Even before the academic year has started, students in the US colleges have work to do. Applicants have to read something, which usually varies from myths and legends to popular fantasy and overview of trends in the digital age. Most of the top colleges do this. They provide their future students with the must-read lists, items which are considered important by the institutions. What’s interesting, the titles are not usually program-related, but rather serve to help a student adjust to the new life in college.
Over the last few years, students across America have read a bunch of thought-provoking and sometimes controversial books. For example, The Iliad by Homer is a book to read when you’re about to start your studies at Columbia University. At the same time, those who were accepted at Stanford University were given three books that tackle contemporary issues. They are Walter Isaacson’s The Innovators: How a Group of Hackers, Geniuses, and Geeks Created the Digital Revolution, Tobias Wolff’s This Boy’s Life, and Lalita Tademy’s Cane River. Newcomers at Princeton got Whistling Vivaldi: How Stereotypes Affect Us and What We Can Do by Claude Steele, a book about negative stereotypes and how they influence us when we are under stress. At Cornell University, students were obliged to read Vonnegut’s classics Slaughterhouse-Five, a book on the WWII and the absurdness of war in general. At the University of Texas in 2014, everyone received a list with options that included the first book of A Song of Ice and Fire series, Bram Stoker’s Dracula, and Sex and Desire by Jennifer Knust.
So why do colleges assign these particular books? Which benefits do students get from them? At Stanford University, all the books were united by a common theme — they were about people and their stories of how they overcome challenges. Those who read The Iliad indulged in the story of Achilles and his great failure when he was humiliated by his leader, so the very question of leadership is raised there. A very interesting find is a book by Naomi Oreskes and Erik Conway assigned to freshmen at Smith College, The Collapse of Western Civilization: A View from the Future. It deals with the issue of climate change and how it caused the collapse of the Western world in 2093. Wild by Cheryl Strayed, with which students at New York University were acquainted was selected as a metaphor for freshmen who start their life away from home in a role that’s completely new to them.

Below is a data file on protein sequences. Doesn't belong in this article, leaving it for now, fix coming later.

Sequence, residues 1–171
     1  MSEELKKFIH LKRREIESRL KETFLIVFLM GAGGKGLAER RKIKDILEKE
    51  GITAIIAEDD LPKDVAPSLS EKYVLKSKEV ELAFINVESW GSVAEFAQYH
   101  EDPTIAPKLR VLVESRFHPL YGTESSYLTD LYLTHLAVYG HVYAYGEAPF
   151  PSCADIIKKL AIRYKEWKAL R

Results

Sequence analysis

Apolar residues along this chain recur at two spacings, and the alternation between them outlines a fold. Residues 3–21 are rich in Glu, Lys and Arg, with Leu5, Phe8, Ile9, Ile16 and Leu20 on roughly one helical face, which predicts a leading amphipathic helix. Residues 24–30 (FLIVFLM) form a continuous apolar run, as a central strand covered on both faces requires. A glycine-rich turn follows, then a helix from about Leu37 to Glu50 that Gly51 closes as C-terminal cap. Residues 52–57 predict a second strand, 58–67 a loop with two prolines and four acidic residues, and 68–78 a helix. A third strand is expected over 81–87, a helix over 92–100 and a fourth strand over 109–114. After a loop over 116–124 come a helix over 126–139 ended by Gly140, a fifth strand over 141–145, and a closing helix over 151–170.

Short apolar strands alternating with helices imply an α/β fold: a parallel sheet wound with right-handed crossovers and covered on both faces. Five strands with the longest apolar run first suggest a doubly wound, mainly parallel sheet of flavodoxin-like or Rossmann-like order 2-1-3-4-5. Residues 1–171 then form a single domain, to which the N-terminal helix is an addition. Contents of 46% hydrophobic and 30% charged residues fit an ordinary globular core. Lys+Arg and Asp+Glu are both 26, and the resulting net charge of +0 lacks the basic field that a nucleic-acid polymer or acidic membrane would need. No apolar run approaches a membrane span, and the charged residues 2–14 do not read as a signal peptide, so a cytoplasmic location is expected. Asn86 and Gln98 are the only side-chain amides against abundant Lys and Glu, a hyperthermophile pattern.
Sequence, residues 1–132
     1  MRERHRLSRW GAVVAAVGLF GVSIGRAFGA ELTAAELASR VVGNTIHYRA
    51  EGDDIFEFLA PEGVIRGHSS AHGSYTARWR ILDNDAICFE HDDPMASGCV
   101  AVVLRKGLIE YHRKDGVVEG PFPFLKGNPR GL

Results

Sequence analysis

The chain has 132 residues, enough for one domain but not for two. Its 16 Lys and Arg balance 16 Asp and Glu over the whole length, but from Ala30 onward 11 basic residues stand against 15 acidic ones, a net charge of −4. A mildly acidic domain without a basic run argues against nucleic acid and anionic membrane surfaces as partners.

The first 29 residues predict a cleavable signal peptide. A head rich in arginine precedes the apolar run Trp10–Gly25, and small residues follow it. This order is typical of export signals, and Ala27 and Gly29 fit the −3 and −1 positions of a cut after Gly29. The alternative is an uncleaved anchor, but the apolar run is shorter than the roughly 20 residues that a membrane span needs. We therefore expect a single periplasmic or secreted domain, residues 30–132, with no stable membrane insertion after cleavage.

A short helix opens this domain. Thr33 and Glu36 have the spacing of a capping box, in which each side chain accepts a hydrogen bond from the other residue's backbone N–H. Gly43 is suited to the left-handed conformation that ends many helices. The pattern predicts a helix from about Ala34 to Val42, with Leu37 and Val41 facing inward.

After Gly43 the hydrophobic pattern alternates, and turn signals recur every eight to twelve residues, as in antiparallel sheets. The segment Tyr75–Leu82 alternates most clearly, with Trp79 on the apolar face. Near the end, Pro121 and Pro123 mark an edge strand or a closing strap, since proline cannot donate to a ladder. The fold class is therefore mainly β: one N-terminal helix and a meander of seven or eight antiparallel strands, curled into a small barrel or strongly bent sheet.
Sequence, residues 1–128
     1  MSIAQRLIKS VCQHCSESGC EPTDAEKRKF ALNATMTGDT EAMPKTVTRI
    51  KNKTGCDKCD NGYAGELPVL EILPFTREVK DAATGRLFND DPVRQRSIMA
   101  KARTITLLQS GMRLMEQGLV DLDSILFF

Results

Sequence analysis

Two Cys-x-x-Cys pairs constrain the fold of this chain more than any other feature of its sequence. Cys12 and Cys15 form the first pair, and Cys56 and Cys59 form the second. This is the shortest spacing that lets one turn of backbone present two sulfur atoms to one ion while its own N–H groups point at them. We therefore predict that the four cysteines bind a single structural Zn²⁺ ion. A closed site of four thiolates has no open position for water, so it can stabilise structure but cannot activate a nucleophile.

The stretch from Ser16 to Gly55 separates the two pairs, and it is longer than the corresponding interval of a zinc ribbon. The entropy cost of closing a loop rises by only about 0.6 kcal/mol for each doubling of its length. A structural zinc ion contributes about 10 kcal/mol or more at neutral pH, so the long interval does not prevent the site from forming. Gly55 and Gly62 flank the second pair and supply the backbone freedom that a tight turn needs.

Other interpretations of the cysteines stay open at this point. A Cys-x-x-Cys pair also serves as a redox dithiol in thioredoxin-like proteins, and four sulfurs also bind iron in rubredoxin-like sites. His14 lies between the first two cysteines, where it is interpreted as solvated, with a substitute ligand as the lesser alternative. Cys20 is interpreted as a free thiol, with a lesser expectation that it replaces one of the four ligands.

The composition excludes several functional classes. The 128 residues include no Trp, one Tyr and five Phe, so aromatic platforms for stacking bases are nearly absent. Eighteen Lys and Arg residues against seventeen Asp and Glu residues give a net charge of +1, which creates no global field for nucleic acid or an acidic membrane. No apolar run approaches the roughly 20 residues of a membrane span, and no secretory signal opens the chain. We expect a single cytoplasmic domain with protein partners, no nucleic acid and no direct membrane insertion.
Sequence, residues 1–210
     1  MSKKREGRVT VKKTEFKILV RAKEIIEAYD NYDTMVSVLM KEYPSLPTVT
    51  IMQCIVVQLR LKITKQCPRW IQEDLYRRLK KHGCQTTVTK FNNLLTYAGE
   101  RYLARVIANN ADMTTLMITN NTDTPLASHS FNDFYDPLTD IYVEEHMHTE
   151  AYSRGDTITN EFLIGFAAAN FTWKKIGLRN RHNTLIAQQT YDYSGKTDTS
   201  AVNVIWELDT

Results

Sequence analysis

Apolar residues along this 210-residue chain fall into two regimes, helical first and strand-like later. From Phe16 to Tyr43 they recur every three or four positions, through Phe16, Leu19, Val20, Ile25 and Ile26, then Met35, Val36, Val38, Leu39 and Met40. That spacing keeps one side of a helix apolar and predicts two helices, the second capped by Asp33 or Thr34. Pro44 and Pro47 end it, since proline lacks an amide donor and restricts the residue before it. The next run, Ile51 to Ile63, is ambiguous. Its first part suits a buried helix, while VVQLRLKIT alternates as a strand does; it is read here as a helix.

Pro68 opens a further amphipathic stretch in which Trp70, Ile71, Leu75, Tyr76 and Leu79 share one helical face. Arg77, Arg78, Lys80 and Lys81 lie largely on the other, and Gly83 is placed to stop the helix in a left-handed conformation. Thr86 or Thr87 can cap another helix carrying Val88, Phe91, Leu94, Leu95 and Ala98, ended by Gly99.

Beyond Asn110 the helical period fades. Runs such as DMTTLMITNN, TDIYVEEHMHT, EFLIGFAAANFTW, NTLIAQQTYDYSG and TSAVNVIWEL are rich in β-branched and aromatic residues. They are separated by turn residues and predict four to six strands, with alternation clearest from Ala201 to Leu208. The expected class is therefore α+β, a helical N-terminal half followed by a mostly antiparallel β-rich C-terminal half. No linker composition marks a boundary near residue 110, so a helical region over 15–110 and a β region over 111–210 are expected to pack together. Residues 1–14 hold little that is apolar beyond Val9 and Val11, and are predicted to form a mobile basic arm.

While some students or applicants are quite enthusiastic about dealing with most of the reading challenge, others might protest against certain items from their lists. Alison Bechdel’s autobiographical graphic novel Fun Home caused protests from a group of Christian students at North Carolina’s Duke University. They claimed the book contained too much sexual content. Students discussed the assignment on their social profiles and complained that it was inconsistent with their morality. The book is about the girl who discovers herself as a lesbian and finds out that her father is a closeted gay. Vivid sexual imagery was the main thing that averted young people from reading it. At the same time, the administration of the college explained that they wanted to provoke students for a discussion, which is the main component of true liberal arts education. It is always possible to abstain from reading the assigned book, if it comes into a conflict with one’s morality, but that makes the discussion incomplete.
Every college has its own literature to demand from the students. Usually, books they assign are helpful in one or another way to a newcomer. Some prepare them to a new life as a grown-up, and some introduce them to important ideas or current trends. Some books help freshmen to overcome stress, while others challenge them for fierce discussions. There is always a reason why a particular university wants its newcomers read a certain book, and a refusal to do that can point at his or her weaknesses and unpreparedness for the real-life challenges.
About the Author
Steven Arndt is a passionate writer, educator and a former History teacher. He tends to reconsider the role of modern education in our society and watches with awe the freedom the youth now has.